Academic journal article Phi Delta Kappan

Reading in a Digital Age

Academic journal article Phi Delta Kappan

Reading in a Digital Age

Article excerpt

Even millennials acknowledge that whether you read on paper or a digital screen affects your attention on words and the ideas behind them. What are the implications for how we teach?

The digital revolution has done much to reshape how students read, write, and access information in school. Once-handwritten essays are now word-processed. Encyclopedias have yielded to online searches. One-size-fits-all teaching is tilting toward personalized learning. And a growing number of assignments ask students to read on digital screens rather than in print.

Yet how much do we actually know about the educational implications of this emphasis on using digital media? In particular, when it comes to reading, do digital screens make it easier or harder for students to pay careful attention to words and the ideas behind them, or is there no difference from print?

Over the past decade, researchers in various countries have been comparing how much readers comprehend and remember when they read in each medium. In nearly all cases, there was essentially no difference between the testing scenarios. (See Baron, Calixte, & Havewala, 2017 for a review.) However, such findings need to be taken with a grain of salt. These studies have typically focused on captive research subjects, mostly college students who commonly are paid to participate in an experiment or who participate to fill a course requirement. Ask them to read passages and then answer SAT-style comprehension questions, and they tend to do so reasonably carefully, whether they read on a screen or on paper. Under those conditions, it's not surprising that their performance would be consistent across platforms.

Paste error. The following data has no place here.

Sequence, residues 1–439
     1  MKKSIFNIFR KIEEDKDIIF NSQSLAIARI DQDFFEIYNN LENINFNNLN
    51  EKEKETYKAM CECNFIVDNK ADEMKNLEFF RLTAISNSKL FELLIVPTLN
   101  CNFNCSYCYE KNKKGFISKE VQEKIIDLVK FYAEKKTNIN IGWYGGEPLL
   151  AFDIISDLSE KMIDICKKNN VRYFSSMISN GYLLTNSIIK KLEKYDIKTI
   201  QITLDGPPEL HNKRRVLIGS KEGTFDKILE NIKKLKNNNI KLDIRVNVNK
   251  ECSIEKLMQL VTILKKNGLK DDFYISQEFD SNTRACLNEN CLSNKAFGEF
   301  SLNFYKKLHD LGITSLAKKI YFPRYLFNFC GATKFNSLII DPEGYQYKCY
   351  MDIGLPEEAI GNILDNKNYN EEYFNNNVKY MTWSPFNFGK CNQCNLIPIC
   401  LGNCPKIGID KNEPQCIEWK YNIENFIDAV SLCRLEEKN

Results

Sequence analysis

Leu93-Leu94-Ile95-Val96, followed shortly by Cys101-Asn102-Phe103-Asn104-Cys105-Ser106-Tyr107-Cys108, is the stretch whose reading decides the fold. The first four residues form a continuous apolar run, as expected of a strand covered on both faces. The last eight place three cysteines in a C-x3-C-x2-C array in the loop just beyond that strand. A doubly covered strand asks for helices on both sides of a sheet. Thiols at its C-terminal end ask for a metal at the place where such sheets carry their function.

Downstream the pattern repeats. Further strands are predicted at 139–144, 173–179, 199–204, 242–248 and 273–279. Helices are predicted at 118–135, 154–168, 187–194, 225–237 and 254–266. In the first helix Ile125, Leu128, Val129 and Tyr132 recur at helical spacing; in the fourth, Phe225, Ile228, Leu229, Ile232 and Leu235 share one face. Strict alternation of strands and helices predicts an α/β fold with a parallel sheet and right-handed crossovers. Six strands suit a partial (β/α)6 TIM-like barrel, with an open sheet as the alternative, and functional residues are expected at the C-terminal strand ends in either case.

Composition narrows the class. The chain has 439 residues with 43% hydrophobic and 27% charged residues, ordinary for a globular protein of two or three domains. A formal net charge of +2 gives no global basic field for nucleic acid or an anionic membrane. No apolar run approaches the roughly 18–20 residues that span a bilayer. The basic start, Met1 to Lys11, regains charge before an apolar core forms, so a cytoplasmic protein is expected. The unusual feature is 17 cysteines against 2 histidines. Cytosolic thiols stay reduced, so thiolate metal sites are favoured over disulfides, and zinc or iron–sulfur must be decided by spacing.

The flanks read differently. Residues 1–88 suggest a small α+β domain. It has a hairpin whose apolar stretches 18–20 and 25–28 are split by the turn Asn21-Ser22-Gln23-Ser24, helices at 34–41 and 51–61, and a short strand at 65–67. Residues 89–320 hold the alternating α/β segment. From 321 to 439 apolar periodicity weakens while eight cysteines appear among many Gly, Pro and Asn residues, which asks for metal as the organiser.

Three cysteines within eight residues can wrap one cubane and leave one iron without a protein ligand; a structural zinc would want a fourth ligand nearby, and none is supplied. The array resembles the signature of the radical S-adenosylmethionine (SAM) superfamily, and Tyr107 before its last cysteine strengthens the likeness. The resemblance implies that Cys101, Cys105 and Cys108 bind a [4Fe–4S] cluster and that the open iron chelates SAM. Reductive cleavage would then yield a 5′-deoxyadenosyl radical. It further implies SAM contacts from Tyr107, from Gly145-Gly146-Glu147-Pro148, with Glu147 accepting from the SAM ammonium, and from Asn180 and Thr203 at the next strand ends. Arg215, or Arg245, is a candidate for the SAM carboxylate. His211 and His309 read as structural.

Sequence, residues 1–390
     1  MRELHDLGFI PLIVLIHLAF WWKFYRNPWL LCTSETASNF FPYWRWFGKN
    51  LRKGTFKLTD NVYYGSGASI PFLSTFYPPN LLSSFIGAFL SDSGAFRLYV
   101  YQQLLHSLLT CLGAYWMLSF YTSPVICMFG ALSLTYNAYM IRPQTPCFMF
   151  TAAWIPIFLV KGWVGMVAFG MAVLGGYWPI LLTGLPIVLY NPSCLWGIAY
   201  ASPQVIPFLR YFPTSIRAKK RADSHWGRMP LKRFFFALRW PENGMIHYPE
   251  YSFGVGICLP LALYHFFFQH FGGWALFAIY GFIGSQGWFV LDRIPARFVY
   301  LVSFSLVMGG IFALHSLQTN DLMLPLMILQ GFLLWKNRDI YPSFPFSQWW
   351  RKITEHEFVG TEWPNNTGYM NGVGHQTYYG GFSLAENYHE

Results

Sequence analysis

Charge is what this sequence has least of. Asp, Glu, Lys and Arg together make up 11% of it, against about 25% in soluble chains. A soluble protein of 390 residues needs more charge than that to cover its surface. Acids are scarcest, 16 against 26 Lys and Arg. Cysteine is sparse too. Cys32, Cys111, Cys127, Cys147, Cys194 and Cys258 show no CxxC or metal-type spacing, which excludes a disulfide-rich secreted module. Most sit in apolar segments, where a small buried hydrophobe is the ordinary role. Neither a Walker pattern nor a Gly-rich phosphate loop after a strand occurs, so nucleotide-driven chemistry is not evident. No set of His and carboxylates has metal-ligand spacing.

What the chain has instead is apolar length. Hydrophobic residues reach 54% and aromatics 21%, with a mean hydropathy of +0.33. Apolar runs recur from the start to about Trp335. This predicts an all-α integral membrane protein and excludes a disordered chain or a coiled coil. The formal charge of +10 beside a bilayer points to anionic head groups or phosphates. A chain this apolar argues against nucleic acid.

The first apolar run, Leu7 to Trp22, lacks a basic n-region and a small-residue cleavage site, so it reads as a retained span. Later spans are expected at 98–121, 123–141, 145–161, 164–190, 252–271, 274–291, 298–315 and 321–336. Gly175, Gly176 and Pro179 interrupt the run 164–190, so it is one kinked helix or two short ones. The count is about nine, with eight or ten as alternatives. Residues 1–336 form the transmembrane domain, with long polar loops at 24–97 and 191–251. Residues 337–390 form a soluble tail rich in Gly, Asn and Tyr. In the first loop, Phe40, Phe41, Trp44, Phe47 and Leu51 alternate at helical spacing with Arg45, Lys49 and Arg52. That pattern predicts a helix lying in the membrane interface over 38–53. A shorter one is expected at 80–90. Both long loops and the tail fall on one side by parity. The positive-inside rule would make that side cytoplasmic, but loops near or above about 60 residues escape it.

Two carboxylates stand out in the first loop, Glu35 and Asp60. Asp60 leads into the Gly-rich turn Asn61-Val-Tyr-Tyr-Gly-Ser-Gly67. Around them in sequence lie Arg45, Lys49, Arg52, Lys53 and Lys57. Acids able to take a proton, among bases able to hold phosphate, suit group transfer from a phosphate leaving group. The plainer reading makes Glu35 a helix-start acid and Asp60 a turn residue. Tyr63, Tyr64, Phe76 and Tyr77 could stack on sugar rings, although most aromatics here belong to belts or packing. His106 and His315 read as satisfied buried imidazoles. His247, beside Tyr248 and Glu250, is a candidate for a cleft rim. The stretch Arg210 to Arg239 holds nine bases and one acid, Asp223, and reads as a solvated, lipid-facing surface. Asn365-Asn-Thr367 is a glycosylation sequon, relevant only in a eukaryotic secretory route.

But the devil may be in the details. When researchers have altered the testing conditions or the types of questions they ask, discrepancies have appeared, suggesting that the medium does, in fact, matter. For example, Ackerman and Goldsmith (2011) observed that when participants could choose how much time to spend on digital versus print reading, they devoted less to reading onscreen and had lower comprehension scores. Schugar and colleagues (2011) found that participants reported using fewer study strategies (such as highlighting, note-taking, or bookmarking) when reading digitally. Kaufman and Flanagan (2016) noted that when reading in print, study participants did better answering abstract questions that required inferential reasoning; by contrast, participants scored better reading digitally when answering concrete questions. Researchers at the University of Reading (Dyson & Haselgrove, 2000) observed that reading comprehension declined when students were scrolling as they read, rather than focusing on stationary chunks of text.

What about research with younger children? Schugar and Schugar found that students in middle grades comprehended more when reading print than when using e-books on an iPad (Paul, 2014)--interactive features of the digital platform apparently distracted readers from the textual content. However, the same researchers observed that among K-6 readers, e-books generated a higher level of engagement (Schugar, Smith, & Schugar, 2013). Working with high school students in Norway, Anne Mangen and her colleagues (2013) concluded that print yielded better comprehension scores. Mangen argues that print makes it easier for students to create cognitive maps of the entire passage they are reading.

For educators, though, the real question is not how students perform in experiments. More important is what they do when reading on their own: Do they take as much time reading in both media? Do they read as carefully? In short, in their everyday lives, how much and what sort of attention do they pay to what they are reading?

Questions about reading in a digital age

History is strewn with examples of people worrying that new technologies will undermine older skills. In the late 5th century BC, when the spread of writing was challenging an earlier oral tradition, Plato expressed concern (in the Phaedrus) that "trust in writing . …

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